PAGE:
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Keywords:

  • blepharophimosis;
  • mental retardation;
  • autosomal recessive

Abstract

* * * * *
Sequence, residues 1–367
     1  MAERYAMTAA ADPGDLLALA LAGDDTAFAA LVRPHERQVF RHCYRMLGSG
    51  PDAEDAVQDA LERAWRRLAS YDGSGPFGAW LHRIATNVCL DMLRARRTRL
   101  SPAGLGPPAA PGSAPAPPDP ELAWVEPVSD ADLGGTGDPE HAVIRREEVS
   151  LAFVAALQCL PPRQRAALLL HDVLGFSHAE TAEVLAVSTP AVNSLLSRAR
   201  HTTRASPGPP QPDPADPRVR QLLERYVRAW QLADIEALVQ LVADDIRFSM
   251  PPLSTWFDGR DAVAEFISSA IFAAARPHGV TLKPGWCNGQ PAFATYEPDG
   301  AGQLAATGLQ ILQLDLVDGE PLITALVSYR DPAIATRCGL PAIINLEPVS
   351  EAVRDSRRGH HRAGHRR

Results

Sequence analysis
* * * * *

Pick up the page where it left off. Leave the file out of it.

Blepharophimosis–mental retardation syndromes (BMRS) include a group of clinically and etiologically heterogeneous conditions, which can occur as isolated features or as part of distinct disorders displaying multiple congenital anomalies. We report on two siblings, a 6-year-old girl and an 18-month-old male, presenting with overlapping clinical findings. Major characteristics included facial dysmorphisms with upward slanted palpebral fissures, blepharophimosis, telecanthus, hypertelorism, posteriorly rotated and abnormal ears, and micrognathia. Ectodermal abnormalities consisted of fine hair, sparse eyebrows, and thin skin. Both patients had feeding difficulties with gastro-esophageal reflux and growth retardation. Psychomotor skills were severely delayed with no verbal capacity. The male sib also displayed low growth hormone (GH) levels, while the older sister had low cholesterol and mildly elevated TSH levels. Numerous metabolic/genetic investigations, including cholesterol precursors, dosage, and high-resolution array-CGH, were negative. BMR syndromes, including Dubowitz syndrome, Marden–Walker syndrome, Ohdo/Ohdo-like syndromes, and the cholesterol storage disorders were considered. We concluded that these two patients are affected by a possible autosomal recessive condition within the heterogeneous clinical spectrum of BMRS, fitting with the Young–Simpson syndrome subtype. © 2011 Wiley-Liss, Inc.